We turn next to Las Vegas, America's leading boom town at the turn of the millennium, a city built by gangsters for gangsters, based on the tragically foolish idea that it is possible to get something for nothing, and now weirdly mutating into a family vacation destination. I discuss the strange physical form of the city, an evolution of the most extreme cultural and technological developments in the past century, and argue that Las Vegas has reached the limits of its hypertrophic growth. Las Vegas may also reflect a condition more and more common throughout America as a whole: that ridicule is the unfortunate destiny of the ridiculous, trumping even the tragic view of history.

Rome is the backdrop for tracing the meaning of classicism as a set of ideas necessary for the continuing project of civilization. This chapter takes a long historical view, tracing the sources of the classical in Greece and Italy, its full flowering in the Roman Empire, the long and gruesome unlearning in the millennium following the fall of Rome, and the rescue of classicism in the Renaissance. Classicism was thrown away once again by the forces of modernism during the nervous breakdown of culture that the twentieth century represented, so the question is posed, can classicism now rescue us?

I chose to write about Boston because I think it has done more to prepare for the twenty-first century than most other American cities, and indeed it may be one of the few habitable cities left in America when the orgy of cheap oil draws to a close and it becomes necessary to conduct normal life and work in walkable neighborhoods connected by decent public transit. Boston had a hard time of it in the twentieth century, and the political legacy of that period still exerts a baneful influence. But the city is in the process of overcoming those other common disasters of the recent urban scene in this country: the tyranny of the automobile and the flight of the prospering classes. In the years ahead, I argue, Boston will demonstrate the value of city life to a culture that all but gave up on the idea.

Finally, I look to London as the origin in Anglo-American culture for the idea that country life is the antidote to the hopelessness of industrial urbanism. This idea, which has reached its fullest expression in contemporary America, begins with the English Landscape movement, and leads directly to the circumstance of London becoming the world's first great industrial city — and therefore the first major world city to suffer the unanticipated consequences of advanced technological progress. In America, where we have inherited so many English ideas about landscape and place, the result in our time has been the notion that city life can be dispensed with altogether for a simulacrum of the rural. The idea culminates in the absurdities of our contemporary battles over "green space" and "open space," while our human ecologies — namely our towns and cities — remain devalued, depopulated, and decivilized.

* * *

Under the most favorable circumstances, it is apt to take at least a hundred years to clean up the mess we made of our nation, if we can do it at all — and I stick to a point made in my previous book, Home from Nowhere, that life is tragic and there are no guaranteed rescues from the great blunders of history.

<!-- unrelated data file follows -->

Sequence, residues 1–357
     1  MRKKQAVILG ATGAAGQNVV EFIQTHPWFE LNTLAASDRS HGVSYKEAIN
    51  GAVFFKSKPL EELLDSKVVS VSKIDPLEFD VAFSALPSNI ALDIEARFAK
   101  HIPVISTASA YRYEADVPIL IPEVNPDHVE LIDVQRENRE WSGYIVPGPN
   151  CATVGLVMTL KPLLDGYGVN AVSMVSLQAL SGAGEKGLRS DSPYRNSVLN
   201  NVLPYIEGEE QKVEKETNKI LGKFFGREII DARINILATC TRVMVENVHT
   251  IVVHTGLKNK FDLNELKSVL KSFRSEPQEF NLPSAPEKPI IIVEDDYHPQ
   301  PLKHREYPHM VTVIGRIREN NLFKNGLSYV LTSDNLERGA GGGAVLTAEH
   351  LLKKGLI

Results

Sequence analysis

Don't get me wrong. I hope we do recover. I believe we have the knowledge and the resources to reorganize the physical arrangement of American life from a national automobile slum to a land full of places that are truly worth living in. Therefore, I stick to another central point of my previous book: that a land made up of places not worth caring about will sooner or later become a nation not worth defending (or a way of life not worth carrying on). All this begs the question of whether we have the will to reorganize our everyday environment. Personally, I believe the future will compel us to change our way of life, to give up the fiasco of suburbia and all its revolting accessories and recondense our living and working places into the traditional human habitats called cities, towns, and neighborhoods.

In the past eight years I traveled all over the United States (except Alaska) and got to see almost every city of any consequence in the lower forty-eight states. It was a shock to discover how far gone most of them are. Since I wrote about Detroit in The Geography of Nowhere (1993), wildflower meadows have sprouted where miles of slum row houses stood — and I don't mean to say that this is necessarily an improvement, because it only means the hole at the center of Detroit's metropolitan doughnut has gotten larger and emptier instead of redeveloping. St. Louis is a virtual mummy's tomb between its empty downtown and the West End. Baltimore has become a flyblown carcass. Buffalo looks as if it suffered a prolonged aerial bombardment. A giant vacuum cleaner seems to have sucked the populations out of Memphis, Nashville, and Little Rock. Small towns in the Midwest are perhaps the most heartbreaking to see. I remember a spring afternoon I spent as the sole pedestrian in downtown Appleton, Wisconsin — its commercial activity had all been shifted to an asteroid belt of highway strips and architectural garbage five miles outside town. Ditto Louisville; Dayton; Meridian, Mississippi; Billings, Montana; Macon, Georgia. And so on. The list is long and dreary, and it certainly prompts the casual observer to wonder if our future holds a civilized existence.

The concern about what happens to my own country underlies all the chapters in this book. Will it take an autocrat to repair American cities, as in the case of Napoleon III and Paris? How do culture and history support the social contract? Now that we've created our national automobile slum, what are its possible destinies? Can we find a way to reestablish a meaningful distinction between the urban and the rural? Can we make Beauty (capital B) matter again in our everyday world?

The chief byproduct of all this, for me, and as usual, has been the project of creating a book that will be compelling to read. Most of all, I believe readers want to commune with an intelligence congenial to their own, and if they learn a thing or two, or gain an insight, so much the better. So, apart from the momentous themes presented here, I wish you a ripping good read and even a few laughs as you consider these meditations on the urban condition.

Copyright © 2001 by James Howard Kunstler

Meet the Author

James Howard Kunstler is the author of eight novels. He has worked as a newspaper reporter and an editor for Rolling Stone, and is a frequent contributor to The New York Times Sunday Magazine. He lives in upstate New York.